The differences between Augustinian Canons Regular and the Order of St Augustine
The main point to be made here is that the Augustinian canons and the Augustinian friars always were (and still are) separate and different from one another.
Although both are looking back to the same person for the inspiration of their way of living, they are separate albeit parallel realities. The inspiration of the Canons was very much the general call to the reform of the life of ministers of the church in the eleventh century. It was especially influenced by the work of the Lateran Synod in Rome in the year 1059. It was thus a clerical movement. In contrast, the arising of the mendicant orders about two centuries later was generally lay inspired; it was the coming together into community of hermits who had fled to the countryside in the hope of leading in simplicity a spiritual life not weakened by the business that was happening in the emerging towns and cities.
Augustinian Canons and Augustinian Friars often coexisted in the same locality, as happened in Cambridge, England, where both groups availed themselves of the educational opportunities of the university there. The Canons had been there since at least 1100, and the Augustinian friars since 1289. Both houses were suppressed during the English Reformation. As mentioned on a previous page in this section of Augnet, soon after the mortal remains of Augustine were brought to Pavia, northern Italy in 1221, Canons Regular of Saint Augustine were invited to attend to the tomb and the church where the tomb was situated, San Pietro in Ciel d'Oro. The Augustinian friars were similarly invited to Pavia in the year 1327, and set up their house on the other side of the Church of San Pietro in Ciel d'Oro. This was once instance where the close proximity of the Augustinian Canons and the Order of Saint Augustine did cause friction, especially on issues that now seem foolish, such as which one of these groups was more likely the "true" descendant of the community of Augustine at Hippo many centuries previously. Their monastery stood on the left side of the church, and the Augustinians on the right.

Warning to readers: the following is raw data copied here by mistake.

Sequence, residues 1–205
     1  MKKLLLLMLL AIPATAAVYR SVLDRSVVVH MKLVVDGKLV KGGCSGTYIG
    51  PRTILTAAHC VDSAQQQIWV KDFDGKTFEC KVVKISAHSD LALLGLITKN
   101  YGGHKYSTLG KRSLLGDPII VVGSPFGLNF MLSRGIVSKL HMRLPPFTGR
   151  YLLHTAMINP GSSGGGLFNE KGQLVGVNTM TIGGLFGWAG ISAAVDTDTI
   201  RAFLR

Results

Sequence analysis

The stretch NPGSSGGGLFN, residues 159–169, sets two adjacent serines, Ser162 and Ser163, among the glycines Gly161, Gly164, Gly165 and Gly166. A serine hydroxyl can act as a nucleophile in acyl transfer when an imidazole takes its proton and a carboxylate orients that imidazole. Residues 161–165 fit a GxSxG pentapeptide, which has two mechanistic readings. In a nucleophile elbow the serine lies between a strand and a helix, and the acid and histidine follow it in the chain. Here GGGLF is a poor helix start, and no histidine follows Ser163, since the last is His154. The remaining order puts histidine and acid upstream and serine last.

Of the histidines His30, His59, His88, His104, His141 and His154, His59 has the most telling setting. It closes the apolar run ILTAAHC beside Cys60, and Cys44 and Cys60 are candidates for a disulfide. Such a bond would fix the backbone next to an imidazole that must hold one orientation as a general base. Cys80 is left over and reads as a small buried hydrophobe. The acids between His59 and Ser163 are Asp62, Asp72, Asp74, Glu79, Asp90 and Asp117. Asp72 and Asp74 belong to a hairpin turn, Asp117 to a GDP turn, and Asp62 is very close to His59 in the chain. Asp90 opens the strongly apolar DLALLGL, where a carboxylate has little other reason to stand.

Possibly with a stronger determination to claim Augustine as their father, and assisted by their influence in Rome, the Order of Saint Augustine finally won exclusive custody of the mortal remains of Augustine. (Some popular histories have called this action as the most audacious and most public example of "body snatching" in ecclesiastical history!) The Augustinians then ministered there until the year 1799, when Napoleonic armies expelled them. They have since returned to their same monastery on the right side of the church. (See the Augnet Photo Gallery Italy: Pavia. Click here.) Another way to review the once-troubled relationship between the Augustinian Canons Regular and the Order of St Augustine is to examine the literary warfare that ensued in the fourteenth century. When Henry of Friemar O.S.A. in 1334 wrote De origine et progressu Ordinis (“On the origin and progress of the Order of Saint Augustine”) as the first treatise explicitly on the defence of the origins of the Order of Saint Augustine; the Canons Regular of St Augustine (a completely separate congregation from the Order of St Augustine, both at that time and still today) were swift to raise a protest at some of its contents.